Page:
FLORA The specimens have been entrusted to the National Museum of Natural History, which should keep them
According to the IUCN, there are only 5,000 specimens of this exceptional cactus left in the wild. (Illustration) — 21saturday/Pixabay
An exceptional entry. On July 26, customs officers intercepted in a parcel from Thailand no less than 56 sea urchin cacti (or “astrophytum asterias”), an extremely rare species native to Mexico, according to a press release. customs published this Friday.
The package intended for to an individual living in the south-east of France was controlled at the Chelles international sorting center (Seine-et-Marne), which manages, among other things, freight from Roissy airport. The less than 2 kg package contained 56 sea urchin cacti, wrapped in handkerchiefs and piled up against each other, says Le Parisien.
Access to; this content has been blocked in order to respect your choice of consent
An expensive and very rare cactus
The cacti have been entrusted to the National Museum of Natural History, which will carry out additional expertise, in particular to find out whether they are natural or cultivated specimens. The cacti will probably become the property of of the Muséum, which did not possess this species until then.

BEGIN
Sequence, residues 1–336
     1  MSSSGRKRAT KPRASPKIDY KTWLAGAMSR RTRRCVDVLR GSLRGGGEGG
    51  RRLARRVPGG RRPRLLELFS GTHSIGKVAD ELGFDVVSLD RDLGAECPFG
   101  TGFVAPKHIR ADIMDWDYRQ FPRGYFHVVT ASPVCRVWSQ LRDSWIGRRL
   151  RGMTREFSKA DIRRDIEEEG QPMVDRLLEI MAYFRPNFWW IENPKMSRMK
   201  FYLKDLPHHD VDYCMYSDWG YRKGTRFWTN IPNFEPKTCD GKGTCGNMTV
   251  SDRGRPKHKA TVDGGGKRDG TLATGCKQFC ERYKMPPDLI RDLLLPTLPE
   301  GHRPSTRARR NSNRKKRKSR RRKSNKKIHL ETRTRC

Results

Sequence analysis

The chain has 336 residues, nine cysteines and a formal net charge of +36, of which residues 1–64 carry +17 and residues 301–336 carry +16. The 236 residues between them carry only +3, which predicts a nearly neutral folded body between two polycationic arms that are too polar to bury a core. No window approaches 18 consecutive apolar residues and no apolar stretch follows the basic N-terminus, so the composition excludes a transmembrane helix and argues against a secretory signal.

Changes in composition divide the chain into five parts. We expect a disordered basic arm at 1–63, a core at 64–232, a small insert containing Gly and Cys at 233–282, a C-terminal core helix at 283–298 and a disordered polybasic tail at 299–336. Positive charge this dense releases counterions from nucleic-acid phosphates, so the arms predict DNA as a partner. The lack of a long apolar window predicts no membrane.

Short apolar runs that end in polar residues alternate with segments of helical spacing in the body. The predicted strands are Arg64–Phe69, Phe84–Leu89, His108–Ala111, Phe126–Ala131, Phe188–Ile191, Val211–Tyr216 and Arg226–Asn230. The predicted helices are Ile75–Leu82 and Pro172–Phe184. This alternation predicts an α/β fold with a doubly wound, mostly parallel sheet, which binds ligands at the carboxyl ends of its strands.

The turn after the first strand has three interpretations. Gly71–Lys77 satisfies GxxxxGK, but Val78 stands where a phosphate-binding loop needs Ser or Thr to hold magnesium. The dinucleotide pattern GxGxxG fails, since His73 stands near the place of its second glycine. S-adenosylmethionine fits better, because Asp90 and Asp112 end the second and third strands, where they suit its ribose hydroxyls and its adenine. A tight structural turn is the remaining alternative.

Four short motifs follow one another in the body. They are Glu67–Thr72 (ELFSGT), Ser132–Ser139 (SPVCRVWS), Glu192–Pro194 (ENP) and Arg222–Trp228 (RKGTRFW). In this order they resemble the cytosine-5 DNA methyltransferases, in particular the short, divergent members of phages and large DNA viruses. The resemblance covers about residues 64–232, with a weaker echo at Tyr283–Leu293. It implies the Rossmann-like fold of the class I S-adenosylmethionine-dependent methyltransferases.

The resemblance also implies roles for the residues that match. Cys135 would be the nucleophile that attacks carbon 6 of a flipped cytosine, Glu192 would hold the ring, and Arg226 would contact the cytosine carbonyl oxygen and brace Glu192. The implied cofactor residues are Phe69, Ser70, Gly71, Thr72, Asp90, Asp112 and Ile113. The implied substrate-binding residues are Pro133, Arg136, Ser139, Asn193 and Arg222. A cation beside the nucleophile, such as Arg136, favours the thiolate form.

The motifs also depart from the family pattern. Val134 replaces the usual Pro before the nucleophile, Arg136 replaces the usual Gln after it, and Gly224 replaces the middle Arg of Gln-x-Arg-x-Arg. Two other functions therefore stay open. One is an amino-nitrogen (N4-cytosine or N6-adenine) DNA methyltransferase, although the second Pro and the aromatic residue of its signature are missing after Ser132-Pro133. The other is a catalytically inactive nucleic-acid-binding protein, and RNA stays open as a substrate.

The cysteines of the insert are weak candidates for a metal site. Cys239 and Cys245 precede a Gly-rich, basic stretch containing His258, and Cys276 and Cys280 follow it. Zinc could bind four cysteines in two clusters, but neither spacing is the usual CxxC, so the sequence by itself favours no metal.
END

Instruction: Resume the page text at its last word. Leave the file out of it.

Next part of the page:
The sea urchin cactus is a species considered vulnerable by the International Union for Conservation of Nature (IUCN). Its sale is prohibited worldwide without a specific permit – that the sender of the parcel did not hold. According to the IUCN, there are only 5,000 specimens of this cactus left. in the wild, in Mexico and in a small locality. of Texas.
Sold at a very high price, this plant is very expensive. the shape and to the original color is prized by collectors. It is so expensive that it is nicknamed “Sand Dollar” (sand dollar) in the United States. “It’s very gratifying to think that you’re removed sales channels for endangered species that have nothing to do with them; do it,” the customs officer who made the discovery at the Parisian. In 2022, the French customs made 423 findings in terms of protected flora and fauna, and seized more than 52,000 specimens.